Tough bargaining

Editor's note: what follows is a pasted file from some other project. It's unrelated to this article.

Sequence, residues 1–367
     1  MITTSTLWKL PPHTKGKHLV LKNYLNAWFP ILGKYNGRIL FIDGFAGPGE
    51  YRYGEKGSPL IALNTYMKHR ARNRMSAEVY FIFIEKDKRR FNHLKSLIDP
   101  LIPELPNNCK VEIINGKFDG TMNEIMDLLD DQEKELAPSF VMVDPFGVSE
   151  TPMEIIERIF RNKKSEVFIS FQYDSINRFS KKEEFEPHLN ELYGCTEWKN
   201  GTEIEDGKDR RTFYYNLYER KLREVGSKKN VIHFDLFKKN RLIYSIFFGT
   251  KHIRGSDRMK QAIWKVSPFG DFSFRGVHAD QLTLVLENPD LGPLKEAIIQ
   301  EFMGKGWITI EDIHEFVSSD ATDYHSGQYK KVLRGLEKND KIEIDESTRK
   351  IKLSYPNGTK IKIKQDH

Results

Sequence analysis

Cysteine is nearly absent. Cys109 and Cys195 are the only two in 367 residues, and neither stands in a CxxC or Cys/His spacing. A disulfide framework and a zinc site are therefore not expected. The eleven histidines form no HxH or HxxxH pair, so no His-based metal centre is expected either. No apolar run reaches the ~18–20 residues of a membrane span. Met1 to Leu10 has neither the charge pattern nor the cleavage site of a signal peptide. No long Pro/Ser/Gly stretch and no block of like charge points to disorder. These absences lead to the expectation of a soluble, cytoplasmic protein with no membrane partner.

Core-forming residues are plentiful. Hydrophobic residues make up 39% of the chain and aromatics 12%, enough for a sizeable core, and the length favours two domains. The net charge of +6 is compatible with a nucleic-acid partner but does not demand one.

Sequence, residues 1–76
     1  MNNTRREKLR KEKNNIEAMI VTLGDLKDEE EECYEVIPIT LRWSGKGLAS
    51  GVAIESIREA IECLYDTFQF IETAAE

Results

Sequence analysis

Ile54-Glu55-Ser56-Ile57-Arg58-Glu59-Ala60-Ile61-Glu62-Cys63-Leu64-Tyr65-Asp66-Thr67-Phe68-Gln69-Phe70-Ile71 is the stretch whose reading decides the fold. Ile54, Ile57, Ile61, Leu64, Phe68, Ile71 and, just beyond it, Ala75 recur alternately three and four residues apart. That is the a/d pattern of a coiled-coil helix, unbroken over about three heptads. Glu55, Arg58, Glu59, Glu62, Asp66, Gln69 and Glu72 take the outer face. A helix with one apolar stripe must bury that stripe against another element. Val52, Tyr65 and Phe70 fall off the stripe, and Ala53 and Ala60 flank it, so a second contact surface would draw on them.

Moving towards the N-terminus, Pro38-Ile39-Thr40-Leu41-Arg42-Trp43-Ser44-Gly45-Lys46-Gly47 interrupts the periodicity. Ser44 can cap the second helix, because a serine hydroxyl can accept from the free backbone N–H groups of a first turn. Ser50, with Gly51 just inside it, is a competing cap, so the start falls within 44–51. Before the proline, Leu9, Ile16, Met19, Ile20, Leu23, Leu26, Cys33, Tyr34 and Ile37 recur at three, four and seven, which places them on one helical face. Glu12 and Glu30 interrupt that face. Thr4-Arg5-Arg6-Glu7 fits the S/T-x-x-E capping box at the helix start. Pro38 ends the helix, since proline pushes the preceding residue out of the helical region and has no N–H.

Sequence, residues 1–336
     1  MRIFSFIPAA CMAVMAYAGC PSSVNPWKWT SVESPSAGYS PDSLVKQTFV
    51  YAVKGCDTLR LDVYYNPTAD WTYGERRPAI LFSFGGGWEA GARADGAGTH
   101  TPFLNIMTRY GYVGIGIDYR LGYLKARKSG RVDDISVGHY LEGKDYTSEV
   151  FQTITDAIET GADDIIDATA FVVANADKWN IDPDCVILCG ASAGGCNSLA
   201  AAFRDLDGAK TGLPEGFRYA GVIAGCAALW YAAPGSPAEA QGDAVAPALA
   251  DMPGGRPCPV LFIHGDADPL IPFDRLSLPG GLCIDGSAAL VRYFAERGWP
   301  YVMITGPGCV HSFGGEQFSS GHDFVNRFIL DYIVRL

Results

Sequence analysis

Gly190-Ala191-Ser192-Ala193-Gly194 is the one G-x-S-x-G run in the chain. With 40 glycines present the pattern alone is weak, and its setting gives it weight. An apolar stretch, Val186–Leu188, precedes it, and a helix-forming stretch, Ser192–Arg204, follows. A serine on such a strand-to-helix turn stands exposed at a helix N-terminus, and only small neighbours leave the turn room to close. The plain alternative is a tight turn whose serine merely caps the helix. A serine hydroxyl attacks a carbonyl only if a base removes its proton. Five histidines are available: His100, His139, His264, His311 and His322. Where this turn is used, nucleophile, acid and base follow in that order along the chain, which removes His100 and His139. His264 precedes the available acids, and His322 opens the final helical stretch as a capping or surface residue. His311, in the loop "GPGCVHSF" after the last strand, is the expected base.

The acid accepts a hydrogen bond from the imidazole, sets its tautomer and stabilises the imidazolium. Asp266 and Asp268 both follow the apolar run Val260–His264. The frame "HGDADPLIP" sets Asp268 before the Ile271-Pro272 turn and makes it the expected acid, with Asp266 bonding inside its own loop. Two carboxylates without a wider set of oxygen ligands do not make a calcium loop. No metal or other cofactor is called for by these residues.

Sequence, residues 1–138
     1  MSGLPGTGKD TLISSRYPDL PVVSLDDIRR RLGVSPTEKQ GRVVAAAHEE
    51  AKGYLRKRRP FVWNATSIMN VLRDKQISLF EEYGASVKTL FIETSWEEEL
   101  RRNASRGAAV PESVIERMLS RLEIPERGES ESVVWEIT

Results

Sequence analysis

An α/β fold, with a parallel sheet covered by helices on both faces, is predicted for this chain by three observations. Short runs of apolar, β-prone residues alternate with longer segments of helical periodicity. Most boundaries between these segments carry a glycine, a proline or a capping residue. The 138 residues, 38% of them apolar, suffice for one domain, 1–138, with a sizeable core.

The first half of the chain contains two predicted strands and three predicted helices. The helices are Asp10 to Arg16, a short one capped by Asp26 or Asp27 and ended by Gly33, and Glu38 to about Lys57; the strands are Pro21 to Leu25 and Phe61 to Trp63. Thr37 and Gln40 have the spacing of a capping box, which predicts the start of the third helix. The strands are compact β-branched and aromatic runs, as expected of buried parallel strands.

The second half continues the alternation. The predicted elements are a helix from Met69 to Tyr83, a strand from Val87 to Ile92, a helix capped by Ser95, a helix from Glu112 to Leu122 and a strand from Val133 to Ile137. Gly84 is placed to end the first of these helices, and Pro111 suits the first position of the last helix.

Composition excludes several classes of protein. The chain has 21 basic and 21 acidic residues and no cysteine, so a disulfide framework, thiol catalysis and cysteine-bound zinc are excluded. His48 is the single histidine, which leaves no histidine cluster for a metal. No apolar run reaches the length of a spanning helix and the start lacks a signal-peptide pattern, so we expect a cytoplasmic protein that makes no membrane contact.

There is no doubt that diplomatically speaking, preparations for a showdown with Iraq have proved to be a very complex task for Washington. The Bush administration is not just faced with stiff opposition from the Franco-German axis and from the stunning anti-war movement. It also has to overcome problems raised by Iraq’s neighbors that the US wants to use as a launching pad for an attack on Baghdad. Saudi Arabia feels insecure following allegations that it has been sponsoring Islamic fundamentalist groups, but it keeps resisting American pressure. Even Turkey is still driving a hard bargain, demanding a $30 billion aid package and political benefits in respect to the postwar order in northern Iraq. Washington has begun to lose its patience with Ankara’s tough bargaining, but there is little else it can do. Turkey’s Islamic-leaning government and military bureaucracy share the same fears and hopes. They nurture justifiable concerns that an overthrow of Iraqi President Saddam Hussein will lead to the creation of an independent Kurdish state, or at least to some sort of state entity, in northern Iraq. The formation of an autonomous Kurdish state would inevitably boost aspirations of Turkey’s own Kurdish minority (who number more than 15 million people) that could undermine the sovereignty of the Turkish State. In the light of these worries, Ankara finds little comfort in American reassurances that the Kurdish population in northern Iraq will only be granted some limited autonomy. As a result, it wants to deploy its own troops in the area that will be authorized to act without any control from Washington. On top of these fears, the Turkish regime is also keeping an eye on the oil-rich territories of northern Iraq. Ankara is invoking the presence of a considerable number of Turkmen who live in the area and who are guided by Turkish intelligence. Oscillating between fear and hope, Turkey is driving a hard bargain in order to gain as much as it can, exploiting the needs of the US. In truth, however, it is dependent on it. The Turkish economy would have melted down had it not been for the generous financial aid of the International Monetary Fund that was granted after US mediation. The US-Turkish bargain is doomed to produce a deal.